The Breast Cancer Now Catalyst Programme

To achieve our aim that by 2050 everyone who develops breast cancer will live and be supported to live well, we need to speed up the translation of research in the lab into new and effective treatments for patients. We’re bringing together leading researchers and top pharmaceutical companies to pool ideas and resources and ultimately stop people dying from breast cancer.

As part of the Breast Cancer Now Catalyst Programme, we have collaborated with leading pharmaceutical company Pfizer to give researchers unprecedented access to a number of Pfizer’s licensed and investigative drugs as well as vital funding for researchers to test these drugs. This allows us to combine the expertise of our researchers with Pfizer’s compounds and deliver new treatments to patients more quickly.

Project details

Researcher: Professor Bryan Hennessy and Dr Alex Eustace

Location: Royal College of Surgeons in Ireland, Dublin

The challenge

We need to find new targeted treatments for breast cancer that are more tailored to a person’s tumour than treatments like chemotherapy. This will improve the chances of survival for people with breast cancer and reduce potential side-effects.

Drug: Gedatolisib

  • Gedatolisib is a drug that blocks two proteins, PI3K and mTOR, which can help breast cancer cells to multiply uncontrollably
  • Gedatolisib is currently in early stage clinical trials to treat oestrogen receptor positive (ER+) breast cancer
  • Many other drugs that block PI3K are in various stages of development for breast and other cancer types

The science behind the project

Gedatolisib belongs to a group of drugs called PI3K inhibitors. They are currently being tested to treat a variety of different cancers with changes in a gene called PIK3CA.

Professor Bryan Hennessy, Dr Alex Eustace and their team have found that PI3K inhibitors could also be effective against breast cancer cells with changes in a group of genes called the ‘ERBB-family’. These genes are commonly mutated in breast cancer and other cancers. One of the four genes in the ERBB family, HER2, drives the disease in around 20% of breast cancers.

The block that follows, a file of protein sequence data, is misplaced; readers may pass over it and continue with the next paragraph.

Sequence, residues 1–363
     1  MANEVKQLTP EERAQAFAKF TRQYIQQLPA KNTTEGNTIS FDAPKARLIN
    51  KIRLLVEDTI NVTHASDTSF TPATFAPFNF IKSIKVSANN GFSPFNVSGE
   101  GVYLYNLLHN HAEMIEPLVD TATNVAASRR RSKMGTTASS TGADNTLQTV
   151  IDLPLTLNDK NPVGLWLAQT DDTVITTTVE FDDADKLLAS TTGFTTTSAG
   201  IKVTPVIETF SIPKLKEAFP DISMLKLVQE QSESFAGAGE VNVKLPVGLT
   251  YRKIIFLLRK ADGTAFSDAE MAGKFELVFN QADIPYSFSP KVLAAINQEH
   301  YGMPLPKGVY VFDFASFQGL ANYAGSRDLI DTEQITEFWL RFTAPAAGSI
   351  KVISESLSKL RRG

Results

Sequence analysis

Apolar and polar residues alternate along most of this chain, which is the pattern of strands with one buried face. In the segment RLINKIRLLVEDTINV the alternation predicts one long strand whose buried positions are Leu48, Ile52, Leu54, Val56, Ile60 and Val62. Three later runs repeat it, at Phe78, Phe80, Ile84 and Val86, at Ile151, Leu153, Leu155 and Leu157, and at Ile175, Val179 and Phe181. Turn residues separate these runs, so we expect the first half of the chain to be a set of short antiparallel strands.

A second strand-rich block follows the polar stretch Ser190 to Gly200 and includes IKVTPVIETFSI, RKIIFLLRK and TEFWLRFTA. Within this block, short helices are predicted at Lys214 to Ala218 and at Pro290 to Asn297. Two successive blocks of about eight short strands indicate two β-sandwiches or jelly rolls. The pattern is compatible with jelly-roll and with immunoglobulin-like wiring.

In this project, Bryan and Alex are further investigating what makes breast cancer cells sensitive to gedatolisib. Using a range of breast cancer cells grown in the lab, they study how changes in the ERBB-family genes and the PIK3CA gene, make breast cancer more susceptible to gedatolisib.

Bryan and Alex are also testing gedatolisib in combination with drugs such as lapatinib, which is used to treat secondary HER2 positive breast cancer. They believe HER2 positive breast tumours are also susceptible to gedatolisib.

Finally, the researchers will test gedatolisib and HER2-blockers in mice that carry samples of breast tumours donated by patients, to find the most effective combination which could be tested as a treatment for people with breast cancer in the future.

   

What difference will this project make?

Gedatolisib and other PI3K inhibitors are already being tested in people with breast and other cancers. Bryan and Alex’s research will help to identify which patients are most likely to benefit from gedatolisib. It will also reveal whether gedatolisib on its own or in combination with HER2-blocking drugs would be most effective. Ultimately their research could help provide a new targeted treatment to improve chances of survival for people with breast cancer.

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* Pfizer has provided funding and Pfizer compounds for this research study as an Independent Medical Research grant as part of the Breast Cancer Now Catalyst Programme. Pfizer has no other involvement in this research study.